Sir Walter Blount
Born: c. 1347
Died: July 21, 1403
Shrewsbury, Shropshire, England (Age c. 56)
Walter Blunt in History
The best way to describe Sir Walter Blunt (or "Blount" as the family is known historically) is as a loyal Lancastrian follower. Blount was a faithful servant of John of Gaunt, Duke of Lancaster and third surviving son of King Edward III, since the 1360s when he accompanied him to France on several expeditions. Years later, Blount would assist Gaunt in his claim to the throne of Castile (Blount had also married a powerful Spanish woman). As a result of his unswerving loyalty, Blount was rewarded greatly in the form of high-paying positions and important responsibilities for the Lancastrians. One of the primary duties Blount was given was that of mediator, being sent to various countries to make use of his verbal skills. Throughout the reigns of Edward III and Richard II Blount continuously made a name for himself and became a very wealthy man. After Gaunt's death in 1399, and when Gaunt's son Henry Bolingbroke returned from exile to reclaim his father's lands and titles (and soon after the crown), Blount met his new master with a large army to support the future king against Richard, the man he was soon to depose. As one would imagine, Blount retained a position of high influence during the reign of the new Henry IV. When the Percies (the family that had been Henry's biggest supporters in his quest for the crown) rebelled against the king in 1403, Blount fought for the royal forces at the Battle of Shrewsbury against the army of Henry "Hotspur" Percy. Certain chronicles claim that Blount was one of several knights to disguise himself in the king's armor in order to protect the king himself. As a result, Blount was targeted and ultimately killed during the battle (although the royal forces did attain the victory over the rebels). Sir Walter Blount died just as he had lived: as a loyal servant to the house of Lancaster.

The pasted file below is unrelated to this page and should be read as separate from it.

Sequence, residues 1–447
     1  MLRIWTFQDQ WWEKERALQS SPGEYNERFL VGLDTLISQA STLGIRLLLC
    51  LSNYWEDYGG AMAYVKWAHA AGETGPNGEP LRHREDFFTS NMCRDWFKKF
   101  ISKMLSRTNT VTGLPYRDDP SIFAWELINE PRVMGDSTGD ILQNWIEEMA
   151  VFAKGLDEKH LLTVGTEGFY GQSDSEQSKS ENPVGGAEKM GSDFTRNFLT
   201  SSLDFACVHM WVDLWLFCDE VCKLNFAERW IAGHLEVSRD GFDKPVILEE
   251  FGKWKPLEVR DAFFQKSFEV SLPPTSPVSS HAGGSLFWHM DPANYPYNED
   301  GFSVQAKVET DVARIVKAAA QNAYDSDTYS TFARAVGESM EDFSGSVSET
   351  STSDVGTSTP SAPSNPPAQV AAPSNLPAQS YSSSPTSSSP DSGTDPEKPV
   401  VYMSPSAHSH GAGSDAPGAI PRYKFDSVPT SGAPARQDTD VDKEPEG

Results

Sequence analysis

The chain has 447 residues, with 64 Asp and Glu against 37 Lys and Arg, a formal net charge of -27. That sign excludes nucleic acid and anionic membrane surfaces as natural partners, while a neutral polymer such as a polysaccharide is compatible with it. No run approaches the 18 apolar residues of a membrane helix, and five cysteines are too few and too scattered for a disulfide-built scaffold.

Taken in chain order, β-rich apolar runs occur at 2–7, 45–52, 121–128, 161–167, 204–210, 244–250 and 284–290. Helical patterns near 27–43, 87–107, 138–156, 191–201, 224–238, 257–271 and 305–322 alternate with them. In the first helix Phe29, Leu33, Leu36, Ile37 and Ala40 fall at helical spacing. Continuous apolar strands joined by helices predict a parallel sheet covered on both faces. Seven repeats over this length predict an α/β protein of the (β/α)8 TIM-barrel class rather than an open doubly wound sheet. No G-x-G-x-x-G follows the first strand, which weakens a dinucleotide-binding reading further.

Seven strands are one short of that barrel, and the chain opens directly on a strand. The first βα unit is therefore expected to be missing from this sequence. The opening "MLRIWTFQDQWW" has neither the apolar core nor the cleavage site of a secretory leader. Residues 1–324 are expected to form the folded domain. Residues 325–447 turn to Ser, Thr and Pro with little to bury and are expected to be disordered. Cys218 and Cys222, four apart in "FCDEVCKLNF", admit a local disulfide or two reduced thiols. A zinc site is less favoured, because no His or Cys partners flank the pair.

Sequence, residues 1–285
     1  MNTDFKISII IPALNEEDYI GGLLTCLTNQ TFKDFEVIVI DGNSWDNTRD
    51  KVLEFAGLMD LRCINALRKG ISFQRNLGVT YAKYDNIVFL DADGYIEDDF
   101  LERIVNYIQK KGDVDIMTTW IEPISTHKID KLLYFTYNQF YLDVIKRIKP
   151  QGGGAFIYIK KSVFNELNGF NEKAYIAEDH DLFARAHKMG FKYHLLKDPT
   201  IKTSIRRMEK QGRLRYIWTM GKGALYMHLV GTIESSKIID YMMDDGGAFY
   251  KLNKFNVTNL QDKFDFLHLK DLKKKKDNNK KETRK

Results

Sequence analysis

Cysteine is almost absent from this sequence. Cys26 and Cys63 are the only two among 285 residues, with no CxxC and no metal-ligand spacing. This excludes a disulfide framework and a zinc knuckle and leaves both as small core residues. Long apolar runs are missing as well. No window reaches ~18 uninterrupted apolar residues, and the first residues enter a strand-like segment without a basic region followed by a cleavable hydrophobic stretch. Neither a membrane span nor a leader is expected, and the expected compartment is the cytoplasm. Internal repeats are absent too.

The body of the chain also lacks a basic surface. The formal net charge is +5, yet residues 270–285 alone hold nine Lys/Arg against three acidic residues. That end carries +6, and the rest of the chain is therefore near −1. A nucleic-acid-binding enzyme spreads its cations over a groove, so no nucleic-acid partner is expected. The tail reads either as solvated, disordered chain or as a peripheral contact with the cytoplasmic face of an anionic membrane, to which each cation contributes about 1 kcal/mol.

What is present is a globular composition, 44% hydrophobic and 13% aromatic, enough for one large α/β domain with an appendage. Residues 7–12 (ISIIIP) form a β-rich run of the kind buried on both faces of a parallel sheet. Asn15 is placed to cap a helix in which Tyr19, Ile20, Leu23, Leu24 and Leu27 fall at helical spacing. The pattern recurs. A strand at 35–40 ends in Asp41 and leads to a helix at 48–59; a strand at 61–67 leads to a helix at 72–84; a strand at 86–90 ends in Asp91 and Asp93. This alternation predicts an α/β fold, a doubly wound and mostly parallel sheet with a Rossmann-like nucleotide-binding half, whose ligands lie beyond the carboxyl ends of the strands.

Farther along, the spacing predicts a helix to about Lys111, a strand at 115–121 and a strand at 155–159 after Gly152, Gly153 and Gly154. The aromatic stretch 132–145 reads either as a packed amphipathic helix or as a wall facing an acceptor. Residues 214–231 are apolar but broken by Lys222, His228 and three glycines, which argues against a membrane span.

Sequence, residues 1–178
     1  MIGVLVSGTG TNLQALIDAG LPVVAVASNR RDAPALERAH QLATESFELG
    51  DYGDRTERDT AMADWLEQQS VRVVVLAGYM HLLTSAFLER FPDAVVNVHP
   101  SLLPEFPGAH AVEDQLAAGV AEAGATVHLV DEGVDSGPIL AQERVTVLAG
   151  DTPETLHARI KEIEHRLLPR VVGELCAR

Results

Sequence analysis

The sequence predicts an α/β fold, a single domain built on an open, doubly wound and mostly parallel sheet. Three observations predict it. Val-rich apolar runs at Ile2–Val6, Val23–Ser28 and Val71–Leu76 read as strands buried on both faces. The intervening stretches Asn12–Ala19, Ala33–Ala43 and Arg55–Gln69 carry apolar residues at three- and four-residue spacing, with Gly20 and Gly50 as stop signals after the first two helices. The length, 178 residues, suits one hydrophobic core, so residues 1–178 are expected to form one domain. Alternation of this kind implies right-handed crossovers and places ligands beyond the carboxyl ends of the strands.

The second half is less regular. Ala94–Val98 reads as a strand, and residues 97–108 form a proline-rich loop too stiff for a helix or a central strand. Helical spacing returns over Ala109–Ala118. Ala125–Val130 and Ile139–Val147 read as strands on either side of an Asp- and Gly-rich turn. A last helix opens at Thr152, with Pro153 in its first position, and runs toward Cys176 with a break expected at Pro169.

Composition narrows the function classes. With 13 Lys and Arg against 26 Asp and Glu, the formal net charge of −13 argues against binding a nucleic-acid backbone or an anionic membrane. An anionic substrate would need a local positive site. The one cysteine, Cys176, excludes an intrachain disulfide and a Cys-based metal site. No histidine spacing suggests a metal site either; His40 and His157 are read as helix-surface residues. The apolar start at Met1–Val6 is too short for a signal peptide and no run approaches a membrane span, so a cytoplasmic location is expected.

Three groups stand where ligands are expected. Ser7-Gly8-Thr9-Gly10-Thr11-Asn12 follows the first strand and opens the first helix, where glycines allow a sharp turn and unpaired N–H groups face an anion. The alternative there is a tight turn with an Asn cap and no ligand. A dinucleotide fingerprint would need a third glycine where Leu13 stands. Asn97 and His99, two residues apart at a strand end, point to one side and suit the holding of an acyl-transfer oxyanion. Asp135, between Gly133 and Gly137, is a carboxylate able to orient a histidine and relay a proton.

Walter Blunt in Shakespeare
Appears in: Henry IV, Part 1
Throughout 1 Henry IV Blunt appears as a loyal servant to King Henry and is looked upon with great respect by both the royal party and the rebels. He is sent as a mediator to the rebel camp before the Battle of Shrewsbury and is ultimately killed during the battle by the Earl of Douglas, who mistakes him for the king (whose attire he is dressed in). Hotspur accordingly points out to Douglas that he has slain Blunt and not Henry IV. The fictional and comical knight Sir John Falstaff then discovers Blunt's corpse and delivers a soliloquy on the fatal consequences that "honor" will bring.
Rawcliffe, Carole. ‘Blount, Sir Walter (d. 1403)’, Oxford Dictionary of National Biography, Oxford University Press, 2004 [http://www.oxforddnb.com/view/article/2699, accessed 30 Oct 2009]